How could your students use this tool? Off the top of my head:
Recap of the writing process (they review their own work/explain their thinking)
Analysis of lab results
Explaining a math problem
Authentic language practice (reading Spanish story-books, for example)
Digital Portfolios (showcase of digital work created over a project/term)
And for teachers – you can record lesson recaps/big ideas and post them to your website! (Amazing for absent students or simply reinforcing important learning concepts)
The main drawback is that you cannot record “live” drawing on a whiteboard (like Educreations/Explain Everything) or scrolling through a website (such as recording a screencast using QuickTime), but the webcam, syncing with Google, and utter simplicity of it all makes this a can’t miss tool to share amongst students and faculty. Plus – to turn a drawback into a positive – if a student is recording a book review or website analysis, he or she will be forced to take screenshots and put them into a Google Presentation. This is a GOOD thing, because now the student is planning and organizing more effectively instead of speaking off the cuff.
Click here to watch a sample Movenote to check out it’s capabilities. Cheers!
Here’s a quick Google tip: if you’re searching a topic on Google - black bears, for example – you can filter your search results by reading level. Google’s levels are basic, intermediate, and advanced.
To do this, simply perform your search. Then, click on “Search Tools” underneath the search bar. Click on “All Results” and select “Reading Level.”
Now, click on the reading level, and Google will filter your desired results!
Google recently released a beta version of a web application called Tour Builder. It allows users to create tours using Google Earth online, and it’s quite simple yet super powerful. Simply login with your Google account, choose the locations for your interactive tour, and then add pictures, video and text to tell your digital story. Here’s a few examples:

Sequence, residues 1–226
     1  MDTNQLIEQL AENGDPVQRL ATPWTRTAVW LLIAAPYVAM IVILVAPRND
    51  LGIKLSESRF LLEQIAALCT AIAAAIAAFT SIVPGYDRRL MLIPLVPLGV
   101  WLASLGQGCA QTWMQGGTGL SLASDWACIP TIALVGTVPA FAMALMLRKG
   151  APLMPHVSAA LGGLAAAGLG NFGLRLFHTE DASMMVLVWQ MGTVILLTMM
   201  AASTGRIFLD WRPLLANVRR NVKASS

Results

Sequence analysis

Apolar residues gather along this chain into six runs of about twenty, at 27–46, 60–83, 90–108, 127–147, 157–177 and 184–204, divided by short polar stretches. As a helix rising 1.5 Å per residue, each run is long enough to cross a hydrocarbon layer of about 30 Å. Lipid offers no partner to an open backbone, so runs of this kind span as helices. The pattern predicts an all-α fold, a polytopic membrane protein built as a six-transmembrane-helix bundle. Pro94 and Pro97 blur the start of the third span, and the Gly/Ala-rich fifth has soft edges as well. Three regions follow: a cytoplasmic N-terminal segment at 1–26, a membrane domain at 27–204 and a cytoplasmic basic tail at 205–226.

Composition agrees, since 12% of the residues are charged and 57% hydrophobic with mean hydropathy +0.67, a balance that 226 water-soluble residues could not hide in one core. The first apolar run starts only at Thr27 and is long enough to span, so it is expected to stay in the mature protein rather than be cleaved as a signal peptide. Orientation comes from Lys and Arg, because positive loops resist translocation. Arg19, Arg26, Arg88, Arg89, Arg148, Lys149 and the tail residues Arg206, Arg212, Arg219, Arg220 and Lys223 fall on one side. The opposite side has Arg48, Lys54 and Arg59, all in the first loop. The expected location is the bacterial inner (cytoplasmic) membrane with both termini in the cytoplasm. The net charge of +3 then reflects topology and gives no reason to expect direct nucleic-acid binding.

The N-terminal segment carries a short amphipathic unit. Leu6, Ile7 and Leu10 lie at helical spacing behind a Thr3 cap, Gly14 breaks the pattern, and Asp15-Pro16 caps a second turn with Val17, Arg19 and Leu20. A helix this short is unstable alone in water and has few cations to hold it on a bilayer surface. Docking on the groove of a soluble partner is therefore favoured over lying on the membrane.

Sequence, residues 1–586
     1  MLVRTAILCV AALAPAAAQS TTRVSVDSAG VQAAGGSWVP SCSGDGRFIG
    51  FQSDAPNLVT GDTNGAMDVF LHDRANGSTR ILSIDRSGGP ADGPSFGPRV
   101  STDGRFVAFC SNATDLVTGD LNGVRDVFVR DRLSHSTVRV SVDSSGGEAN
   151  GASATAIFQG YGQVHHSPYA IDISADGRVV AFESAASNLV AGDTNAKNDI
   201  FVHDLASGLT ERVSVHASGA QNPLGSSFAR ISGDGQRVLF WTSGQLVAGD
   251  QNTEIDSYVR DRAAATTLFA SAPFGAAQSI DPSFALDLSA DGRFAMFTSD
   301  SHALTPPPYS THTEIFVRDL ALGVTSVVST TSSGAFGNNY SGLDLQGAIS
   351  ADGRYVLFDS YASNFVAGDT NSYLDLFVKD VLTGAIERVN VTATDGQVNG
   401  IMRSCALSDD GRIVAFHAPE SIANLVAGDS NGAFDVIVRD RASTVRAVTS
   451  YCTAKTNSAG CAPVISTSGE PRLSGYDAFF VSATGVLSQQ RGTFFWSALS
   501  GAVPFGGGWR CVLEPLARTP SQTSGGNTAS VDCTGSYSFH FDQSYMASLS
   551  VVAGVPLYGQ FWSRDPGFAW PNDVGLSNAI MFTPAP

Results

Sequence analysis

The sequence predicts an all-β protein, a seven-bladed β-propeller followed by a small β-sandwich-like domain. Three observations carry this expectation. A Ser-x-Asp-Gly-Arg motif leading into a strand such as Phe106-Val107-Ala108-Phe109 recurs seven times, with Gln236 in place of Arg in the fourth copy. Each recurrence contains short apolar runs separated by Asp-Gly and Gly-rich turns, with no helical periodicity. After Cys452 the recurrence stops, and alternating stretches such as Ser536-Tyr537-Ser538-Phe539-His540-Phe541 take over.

After reading the description, watching some examples, and trying out a tour of my own, my EdTech spidey senses were tingling. At it’s core Tour Builder is another digital storytelling tool, but what immediately stands out to me is it’s ease of use, cross-platform compatibility (although it doesn’t yet function on iPads or Chromebooks), authentic writing capabilities, precise mapping options and the ability to pull in a range of multimedia (including recording videos directly into the tour from your webcam).
How can you use this with your students? Off the top of my head, I suggest using Tour Builder for:
- Documenting and writing personal narratives
- Constructing an interactive biography of a relative
- Interviewing a war veteran and telling his/her story (bonus points for pulling in actual pictures of the person – imagine how amazing it would be to show a virtual tour of a war veteran’s time overseas to that person)
- Creating a character study from a fiction/non-fiction book (these can be written in first-person with the student pretending to be the character)
- Historical narratives
- Creating a tour of a foreign country (with the ability to record videos directly into Tour Builder, the students can document the journey while practicing speaking the language)
- Delivering traditional notes and lectures more dynamically
I can’t stress enough the importance of the writing piece within Tour Builder – with the ability to add dozens of locations to a tour and text blurbs (yes, you can write paragraphs!), this can take a normal 3-page essay assignment and turn it into an authentic-writing experience with a real-world audience.